Alkarama brought a unique dataset to the London 2014 workshop. Their researchers had recently conducted a study to assess the level of Post-traumatic Stress Disorders (PTSDs) amongst the civilian population living in Yemeni villages where American drones are currently or have been operational. Visualising their results proved particularly challenging.
For this purpose, their field researchers surveyed 100 adults from different age groups, amongst whom 50 were women and 50 were men, along with 27 children, amongst whom 13 were girls and 14 were boys, who were selected randomly in two villages.
Alkarama's representatives came equipped with a clean, machine-readable dataset for their team to work on. The dataset was small, but relatively representative of life in a Yemeni village living in the constant shadow of drones. An improved version of the dataset might have included images, narrative testimonies, or a comparative aspect between different geographic locations in Yemen.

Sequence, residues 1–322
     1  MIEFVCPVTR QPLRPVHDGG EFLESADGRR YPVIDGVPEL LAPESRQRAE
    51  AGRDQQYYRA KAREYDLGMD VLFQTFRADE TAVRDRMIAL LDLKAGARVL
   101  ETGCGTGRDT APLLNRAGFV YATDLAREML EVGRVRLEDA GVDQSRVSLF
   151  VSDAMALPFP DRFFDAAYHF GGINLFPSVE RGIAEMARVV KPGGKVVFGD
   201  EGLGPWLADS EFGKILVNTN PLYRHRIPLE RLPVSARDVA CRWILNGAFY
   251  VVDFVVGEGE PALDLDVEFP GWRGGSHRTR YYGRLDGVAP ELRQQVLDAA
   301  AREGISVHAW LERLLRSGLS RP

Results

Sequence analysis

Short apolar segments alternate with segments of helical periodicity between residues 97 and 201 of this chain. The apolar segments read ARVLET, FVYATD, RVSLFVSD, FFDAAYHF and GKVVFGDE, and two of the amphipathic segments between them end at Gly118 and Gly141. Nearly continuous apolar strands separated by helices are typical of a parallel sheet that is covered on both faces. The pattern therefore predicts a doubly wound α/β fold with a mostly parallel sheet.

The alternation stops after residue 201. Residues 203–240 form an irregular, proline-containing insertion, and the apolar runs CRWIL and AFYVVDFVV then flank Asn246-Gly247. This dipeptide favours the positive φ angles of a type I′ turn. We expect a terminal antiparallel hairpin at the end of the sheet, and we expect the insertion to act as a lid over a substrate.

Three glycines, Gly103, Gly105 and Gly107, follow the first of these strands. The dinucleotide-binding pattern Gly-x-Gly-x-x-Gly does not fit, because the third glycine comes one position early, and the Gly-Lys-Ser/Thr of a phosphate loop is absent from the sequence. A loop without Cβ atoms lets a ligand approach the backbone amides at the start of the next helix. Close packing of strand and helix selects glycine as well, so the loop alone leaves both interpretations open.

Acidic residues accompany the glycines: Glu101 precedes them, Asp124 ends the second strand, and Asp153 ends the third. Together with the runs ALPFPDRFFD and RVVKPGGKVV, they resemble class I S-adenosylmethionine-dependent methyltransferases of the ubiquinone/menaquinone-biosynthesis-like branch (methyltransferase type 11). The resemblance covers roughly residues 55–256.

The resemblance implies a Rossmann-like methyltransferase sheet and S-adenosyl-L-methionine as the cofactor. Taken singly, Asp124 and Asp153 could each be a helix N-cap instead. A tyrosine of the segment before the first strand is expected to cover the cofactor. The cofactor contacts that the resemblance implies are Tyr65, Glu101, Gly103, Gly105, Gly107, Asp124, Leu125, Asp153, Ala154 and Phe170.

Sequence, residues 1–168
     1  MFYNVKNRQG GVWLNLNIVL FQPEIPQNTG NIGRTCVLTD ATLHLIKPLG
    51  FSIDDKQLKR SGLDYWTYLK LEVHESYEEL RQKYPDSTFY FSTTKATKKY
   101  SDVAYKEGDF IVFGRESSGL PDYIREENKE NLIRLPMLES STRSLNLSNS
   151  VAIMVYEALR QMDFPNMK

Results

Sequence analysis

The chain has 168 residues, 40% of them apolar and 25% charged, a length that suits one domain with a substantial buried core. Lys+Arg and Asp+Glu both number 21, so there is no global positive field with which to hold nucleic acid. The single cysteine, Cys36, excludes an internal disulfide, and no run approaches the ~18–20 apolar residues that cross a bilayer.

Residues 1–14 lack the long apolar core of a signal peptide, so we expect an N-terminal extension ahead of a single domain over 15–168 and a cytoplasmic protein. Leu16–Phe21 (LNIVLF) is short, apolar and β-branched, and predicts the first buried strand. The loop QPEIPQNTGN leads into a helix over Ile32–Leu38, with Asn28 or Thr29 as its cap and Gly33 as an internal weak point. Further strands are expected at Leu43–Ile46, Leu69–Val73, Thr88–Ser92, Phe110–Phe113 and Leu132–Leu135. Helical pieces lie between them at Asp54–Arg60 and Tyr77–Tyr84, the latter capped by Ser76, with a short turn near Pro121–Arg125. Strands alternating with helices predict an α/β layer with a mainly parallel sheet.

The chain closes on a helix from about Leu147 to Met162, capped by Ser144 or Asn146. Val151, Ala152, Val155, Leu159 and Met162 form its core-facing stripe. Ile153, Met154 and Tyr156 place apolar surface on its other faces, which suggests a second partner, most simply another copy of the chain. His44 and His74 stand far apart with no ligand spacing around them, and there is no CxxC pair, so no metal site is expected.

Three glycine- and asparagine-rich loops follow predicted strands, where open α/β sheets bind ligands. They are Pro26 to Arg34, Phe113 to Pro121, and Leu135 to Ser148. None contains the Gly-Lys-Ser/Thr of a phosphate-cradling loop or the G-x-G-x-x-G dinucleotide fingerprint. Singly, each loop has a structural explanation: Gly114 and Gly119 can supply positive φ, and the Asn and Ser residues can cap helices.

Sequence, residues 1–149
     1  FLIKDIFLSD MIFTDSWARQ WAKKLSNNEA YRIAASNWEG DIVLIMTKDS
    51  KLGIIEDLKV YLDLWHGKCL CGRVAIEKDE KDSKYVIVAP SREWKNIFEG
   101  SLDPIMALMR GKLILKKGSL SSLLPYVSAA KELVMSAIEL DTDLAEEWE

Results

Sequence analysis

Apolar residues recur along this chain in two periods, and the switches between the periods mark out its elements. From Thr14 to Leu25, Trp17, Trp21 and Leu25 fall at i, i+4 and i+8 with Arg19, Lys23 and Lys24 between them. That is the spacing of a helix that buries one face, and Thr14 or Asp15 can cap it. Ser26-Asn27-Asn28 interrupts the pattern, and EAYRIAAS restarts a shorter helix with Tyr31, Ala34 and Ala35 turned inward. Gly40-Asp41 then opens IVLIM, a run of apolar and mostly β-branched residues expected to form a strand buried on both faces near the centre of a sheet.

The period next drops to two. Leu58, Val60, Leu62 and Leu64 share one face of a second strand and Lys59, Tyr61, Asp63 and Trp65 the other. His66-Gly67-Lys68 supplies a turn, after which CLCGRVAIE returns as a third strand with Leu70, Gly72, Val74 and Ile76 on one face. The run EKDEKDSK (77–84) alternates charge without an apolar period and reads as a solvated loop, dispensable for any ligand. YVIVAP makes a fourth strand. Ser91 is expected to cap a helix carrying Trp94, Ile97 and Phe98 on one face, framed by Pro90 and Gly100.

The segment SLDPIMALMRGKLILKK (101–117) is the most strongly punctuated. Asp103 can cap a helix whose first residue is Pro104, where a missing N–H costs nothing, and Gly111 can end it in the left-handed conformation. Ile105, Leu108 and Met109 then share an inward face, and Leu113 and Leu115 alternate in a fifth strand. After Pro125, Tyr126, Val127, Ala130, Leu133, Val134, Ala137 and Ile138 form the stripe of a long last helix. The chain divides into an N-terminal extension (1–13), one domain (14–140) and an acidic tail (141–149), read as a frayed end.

The representatives from Alkarama were very interested in visualizing their dataset in more traditional ways using graphs and charts, but the most compelling component of their story was the human aspect. Their team struggled to find a balance between the numbers and the narrative. With only 100 rows of data, it was difficult to get robust insights to visualize in chart format. Using photographs, satellite imagery, and case study narratives drawn from life in the village would have been more impactful.